“My first job, in 1956, was creating maps for the Oceanography and Meteorology Department, then located in the Old Science Hall,” says Shirley. “My husband had come to Texas A&M to get his master’s degree, and I needed to supplement our income. Professors in this department agreed to hire me after I completed a course in drafting. That’s what I did, and that’s what they did. I made a career of producing drawings for engineering and architecture firms, including such companies as Dow Chemical, National Instruments and Raytheon’s Marine Division.”

Shirley’s work led her to Alaska in the 1960s. There she worked on the North Slope for BP Oil Company and eventually headed up the graphic arts department at the University of Alaska.

“When I moved there, the state was much less developed than it is now,” Shirley notes. “The first place I lived was an old mining camp without running water or electricity. When I went into the field, working as a surveyor, I had to wear bells on my boots to ward off bears. It worked on the little black bears, but fortunately I never had to test whether grizzlies would scatter or come running for their dinner.”

Michael says his grandmother’s work at Texas A&M impressed him so much that he decided to follow in her footsteps. He enrolled in the same department last year and is now a sophomore in environmental design. What’s it like going to school with grandma?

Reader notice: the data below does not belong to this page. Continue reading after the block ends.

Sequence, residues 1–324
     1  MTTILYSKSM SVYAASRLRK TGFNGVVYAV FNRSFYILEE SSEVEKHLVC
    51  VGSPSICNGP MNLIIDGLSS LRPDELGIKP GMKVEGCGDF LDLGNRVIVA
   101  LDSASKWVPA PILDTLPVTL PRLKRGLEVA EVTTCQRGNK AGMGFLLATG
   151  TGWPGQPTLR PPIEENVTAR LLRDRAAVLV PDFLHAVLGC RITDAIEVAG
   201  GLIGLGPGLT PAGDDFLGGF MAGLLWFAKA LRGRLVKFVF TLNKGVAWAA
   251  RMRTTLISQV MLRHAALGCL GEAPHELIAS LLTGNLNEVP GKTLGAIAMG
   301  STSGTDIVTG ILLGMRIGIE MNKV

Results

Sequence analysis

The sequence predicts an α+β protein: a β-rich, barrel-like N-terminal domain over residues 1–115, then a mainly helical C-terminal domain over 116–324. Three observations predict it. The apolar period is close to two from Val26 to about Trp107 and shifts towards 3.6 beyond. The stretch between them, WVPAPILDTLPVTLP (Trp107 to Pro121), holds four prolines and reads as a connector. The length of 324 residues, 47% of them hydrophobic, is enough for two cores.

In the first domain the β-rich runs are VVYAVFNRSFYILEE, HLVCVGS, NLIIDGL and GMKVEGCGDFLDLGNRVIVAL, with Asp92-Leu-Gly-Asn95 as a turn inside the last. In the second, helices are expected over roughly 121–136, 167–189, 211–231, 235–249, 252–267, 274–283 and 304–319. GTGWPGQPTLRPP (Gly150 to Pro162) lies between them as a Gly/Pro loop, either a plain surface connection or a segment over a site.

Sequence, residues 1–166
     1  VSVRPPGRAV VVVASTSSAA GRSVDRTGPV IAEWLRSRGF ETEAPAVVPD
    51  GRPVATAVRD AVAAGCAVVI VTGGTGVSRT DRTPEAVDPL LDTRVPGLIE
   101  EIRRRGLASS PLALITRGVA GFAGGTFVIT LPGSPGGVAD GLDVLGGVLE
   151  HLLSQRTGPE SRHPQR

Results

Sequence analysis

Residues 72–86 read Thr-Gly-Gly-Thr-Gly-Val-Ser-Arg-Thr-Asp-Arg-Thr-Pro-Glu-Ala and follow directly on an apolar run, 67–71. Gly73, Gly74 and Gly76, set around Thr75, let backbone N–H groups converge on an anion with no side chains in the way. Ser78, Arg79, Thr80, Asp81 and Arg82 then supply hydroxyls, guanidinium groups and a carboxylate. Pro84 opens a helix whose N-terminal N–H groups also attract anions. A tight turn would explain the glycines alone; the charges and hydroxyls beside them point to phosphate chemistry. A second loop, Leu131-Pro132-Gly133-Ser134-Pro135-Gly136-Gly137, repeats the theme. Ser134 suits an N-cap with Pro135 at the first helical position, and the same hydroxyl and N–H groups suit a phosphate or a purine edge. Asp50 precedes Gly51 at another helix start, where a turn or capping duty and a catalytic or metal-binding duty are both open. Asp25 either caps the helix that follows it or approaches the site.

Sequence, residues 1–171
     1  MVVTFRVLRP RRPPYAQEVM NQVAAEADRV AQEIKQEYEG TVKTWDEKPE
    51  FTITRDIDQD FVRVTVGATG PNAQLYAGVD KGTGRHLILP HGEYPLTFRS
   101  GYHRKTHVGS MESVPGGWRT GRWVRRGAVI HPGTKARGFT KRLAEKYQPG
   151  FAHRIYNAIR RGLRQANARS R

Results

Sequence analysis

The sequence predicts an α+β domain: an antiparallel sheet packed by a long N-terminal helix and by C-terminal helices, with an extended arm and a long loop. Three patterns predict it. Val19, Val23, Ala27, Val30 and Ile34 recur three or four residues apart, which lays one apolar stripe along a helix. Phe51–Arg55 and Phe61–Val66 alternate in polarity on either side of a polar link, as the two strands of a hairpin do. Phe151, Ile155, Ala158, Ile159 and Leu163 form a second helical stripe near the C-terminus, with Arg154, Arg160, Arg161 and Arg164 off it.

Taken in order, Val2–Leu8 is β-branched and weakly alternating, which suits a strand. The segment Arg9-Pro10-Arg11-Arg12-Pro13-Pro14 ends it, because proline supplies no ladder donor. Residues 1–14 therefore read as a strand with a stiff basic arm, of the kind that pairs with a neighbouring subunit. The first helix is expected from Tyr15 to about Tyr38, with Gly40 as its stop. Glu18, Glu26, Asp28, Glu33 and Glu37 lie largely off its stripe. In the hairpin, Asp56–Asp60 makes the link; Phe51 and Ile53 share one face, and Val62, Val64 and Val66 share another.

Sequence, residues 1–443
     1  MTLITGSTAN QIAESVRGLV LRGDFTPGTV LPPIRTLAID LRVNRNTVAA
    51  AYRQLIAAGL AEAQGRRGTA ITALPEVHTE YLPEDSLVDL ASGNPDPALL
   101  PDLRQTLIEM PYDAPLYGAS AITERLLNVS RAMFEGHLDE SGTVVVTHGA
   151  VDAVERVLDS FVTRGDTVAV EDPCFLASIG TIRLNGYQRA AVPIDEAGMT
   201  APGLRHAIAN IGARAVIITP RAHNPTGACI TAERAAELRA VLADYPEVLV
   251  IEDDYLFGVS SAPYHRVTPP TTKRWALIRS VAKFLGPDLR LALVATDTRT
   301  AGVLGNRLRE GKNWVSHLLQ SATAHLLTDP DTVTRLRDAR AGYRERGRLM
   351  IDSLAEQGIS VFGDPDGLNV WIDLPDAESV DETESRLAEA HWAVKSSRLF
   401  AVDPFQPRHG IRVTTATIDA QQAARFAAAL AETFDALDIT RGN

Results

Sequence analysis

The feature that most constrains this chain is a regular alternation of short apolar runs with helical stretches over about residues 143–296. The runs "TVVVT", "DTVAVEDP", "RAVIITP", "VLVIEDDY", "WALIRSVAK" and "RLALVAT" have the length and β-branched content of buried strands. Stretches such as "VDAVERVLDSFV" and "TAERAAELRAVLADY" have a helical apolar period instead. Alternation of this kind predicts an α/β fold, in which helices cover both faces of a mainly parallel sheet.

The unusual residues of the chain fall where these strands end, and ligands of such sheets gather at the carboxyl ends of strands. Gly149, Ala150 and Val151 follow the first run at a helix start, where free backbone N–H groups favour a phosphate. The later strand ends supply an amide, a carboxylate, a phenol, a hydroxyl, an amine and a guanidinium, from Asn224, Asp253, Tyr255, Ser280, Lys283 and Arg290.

“Most kids would be embarrassed to be going to the same college as their grandparent,” says Michael, “but I love it! What other college student has a grandmother bring a sack lunch for them?

“When I was younger, even before I knew I’d be going to architecture school, I loved to watch her work on models for class — sometimes, I even got to help with them. And although I don’t have any classes with my grandmother, she has influenced not only my choice of major but my design style as well.”

Shirley is set to graduate in December of 2007. She had planned to receive her degree sooner but belatedly discovered that the catalog under which she entered required four courses in kinesiology and a foreign language.

“I’m taking archery,” explains Shirley. “I wanted an activity in which I could take all four of my phys ed courses, so I’m learning to shoot arrows. My arm is black and blue from the effort, but I’m really having a lot of fun. And I’m learning American Sign Language to finish out my other requirement.

“Studying and attending classes keeps my mind busy, and staying in touch with the students keeps me young — I don’t have time to play bingo.”

What does Shirley’s future hold? She plans to continue her studies, enrolling in the architecture department’s masters program. And, once she has her master’s degree, Shirley can always work on her pilot’s license. After all, she’s already completed ground school.

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Shirly Ankenmann, the oldest student on campus, with her grandson Michael Wilson, a fellow architecture student